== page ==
by By Matthew Boose
Chris Christie’s seismic exit from the Republican primary has reshuffled the race into a one-versus-one contest. Donald Trump’s dominance remains intact, state after state, with the notable exception of New Hampshire. Christie’s decision to drop out was obviously calculated to give a boost to Nikki Haley, the late establishment favorite, who has experienced a recent surge in that state. Anti-Trump Republicans are savoring a last opportunity to be rid of Trump, but they would be wise to temper their expectations. I defer to the last eight years of history and the ongoing and desperate efforts of Trump’s antagonists, who have done everything, short of putting a bullet in his head, to take him out of contention.
The once great hope of the Republican old guard, Ron DeSantis, is facing a humiliating defeat in Iowa; his debate with Haley on Wednesday night was a formal exercise that will not change the trajectory of his disastrous campaign.
Wednesday night’s debate was preceded by a bit of drama after Christie was caught sharing his earnest assessment of Haley’s abilities. “Birdbrain,” as Trump calls her, removed all doubt of that apposite title by reminding viewers to log on to her “fact-checking” website once every five minutes. DeSantis had an easy job: all he had to do was show the audience that Haley is a corporate sellout with liberal views on all the things conservatives care about. This was not a tall order, given Haley’s record, but Haley had a sharp comeback: isn’t it true, Ron, that all of those big donors were backing you before they realized how boring and off-putting you are?
DeSantis’ overscripted, tryhard zingers—he knocked Haley for “ballistic podiatry,” the meaning of which had to be elucidated—served as a fitting encore to a year of quirky moments, memorialized forever on social media. An attempt to pin Haley as too woke on George Floyd—another example of DeSantis’ extremely online attempts to be the most reactionary person in the room—fell flat when she reminded DeSantis that he, too, joined the general rush to judgment in the summer of 2020. His calculated comments on the lawfare campaign against Trump, which DeSantis dismissed as a personal problem for Trump rather than an existential threat to the country, summarized the fatal contradiction at the heart of his campaign.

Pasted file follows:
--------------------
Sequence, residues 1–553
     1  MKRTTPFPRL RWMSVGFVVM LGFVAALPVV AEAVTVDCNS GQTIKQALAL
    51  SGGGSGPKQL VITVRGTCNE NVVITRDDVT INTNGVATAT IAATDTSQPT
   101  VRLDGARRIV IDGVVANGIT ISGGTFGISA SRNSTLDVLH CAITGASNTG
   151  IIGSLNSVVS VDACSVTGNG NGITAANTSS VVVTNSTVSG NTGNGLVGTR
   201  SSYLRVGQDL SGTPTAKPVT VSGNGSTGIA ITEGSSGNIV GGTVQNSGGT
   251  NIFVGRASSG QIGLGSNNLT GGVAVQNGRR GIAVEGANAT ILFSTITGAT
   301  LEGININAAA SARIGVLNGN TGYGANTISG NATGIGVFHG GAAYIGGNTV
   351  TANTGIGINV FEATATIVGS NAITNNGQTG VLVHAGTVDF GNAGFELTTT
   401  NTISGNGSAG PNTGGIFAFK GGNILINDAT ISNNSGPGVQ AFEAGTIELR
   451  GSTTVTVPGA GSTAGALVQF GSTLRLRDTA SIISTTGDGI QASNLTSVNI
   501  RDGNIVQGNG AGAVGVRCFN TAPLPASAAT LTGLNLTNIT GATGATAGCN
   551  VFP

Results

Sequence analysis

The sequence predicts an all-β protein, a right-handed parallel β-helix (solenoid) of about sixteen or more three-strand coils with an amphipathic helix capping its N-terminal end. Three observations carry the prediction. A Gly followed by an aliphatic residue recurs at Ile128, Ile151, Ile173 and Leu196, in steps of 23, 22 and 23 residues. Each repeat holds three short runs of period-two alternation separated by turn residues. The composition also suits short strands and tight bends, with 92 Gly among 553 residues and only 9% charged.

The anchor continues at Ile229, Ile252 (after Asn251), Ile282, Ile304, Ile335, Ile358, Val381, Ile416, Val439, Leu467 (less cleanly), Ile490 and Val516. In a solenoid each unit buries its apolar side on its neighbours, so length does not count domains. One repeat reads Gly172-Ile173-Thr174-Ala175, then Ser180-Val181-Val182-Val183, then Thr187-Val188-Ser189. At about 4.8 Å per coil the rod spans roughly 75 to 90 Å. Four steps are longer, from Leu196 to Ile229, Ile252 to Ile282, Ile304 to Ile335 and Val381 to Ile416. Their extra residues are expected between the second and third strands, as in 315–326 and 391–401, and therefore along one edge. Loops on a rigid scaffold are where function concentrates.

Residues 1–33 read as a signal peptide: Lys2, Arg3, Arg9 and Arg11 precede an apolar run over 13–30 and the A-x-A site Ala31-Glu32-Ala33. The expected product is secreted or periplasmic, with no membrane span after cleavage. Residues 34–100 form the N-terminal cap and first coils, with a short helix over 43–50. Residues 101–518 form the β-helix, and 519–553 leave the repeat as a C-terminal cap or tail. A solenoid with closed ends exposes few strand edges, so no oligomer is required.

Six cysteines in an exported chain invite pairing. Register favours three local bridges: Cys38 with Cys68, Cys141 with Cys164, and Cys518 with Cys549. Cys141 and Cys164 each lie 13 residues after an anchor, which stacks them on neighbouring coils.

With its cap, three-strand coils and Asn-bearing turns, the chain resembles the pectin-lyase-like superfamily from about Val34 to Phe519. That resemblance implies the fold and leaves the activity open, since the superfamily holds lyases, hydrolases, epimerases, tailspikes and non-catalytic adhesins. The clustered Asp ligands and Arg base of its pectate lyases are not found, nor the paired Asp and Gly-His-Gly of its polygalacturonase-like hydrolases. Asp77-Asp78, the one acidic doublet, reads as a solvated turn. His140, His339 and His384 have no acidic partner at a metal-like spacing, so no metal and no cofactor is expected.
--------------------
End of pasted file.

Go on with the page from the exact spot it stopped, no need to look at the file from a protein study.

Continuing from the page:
The long journey of “DeSanctimonious” comes to an end next week. The question then becomes whether he will kiss the ring, and save what remains of his political career, or seek revenge for a long and terrible year.
Haley, on the other hand, has had it easy. She has gotten bad press for all the wrong reasons: the ambivalent liberal media, which hate to criticize her, puffed up the bogus controversy over her comments on the Civil War, which left a totally misleading representation of her actual, rather progressive, sensibility. “Not only did I move to bring the Confederate flag down,” she bragged Wednesday, recapping her response to the 2015 Charleston shooting: “We came together as a state of prayer, and we had no division, no riots, no anything.”
DeSantis might be an oddball, but Haley is living proof that confidence and intelligence are seldom twinned. She has been compared to Hillary Clinton, but a closer approximation might be Kamala Harris, who has Clinton’s ambition but half as much wit. Haley speaks with the familiar messianic assurance of the diversity queen; she calls herself a “new generational leader,” which, if she means a representative of America in its death stages, can hardly be disputed.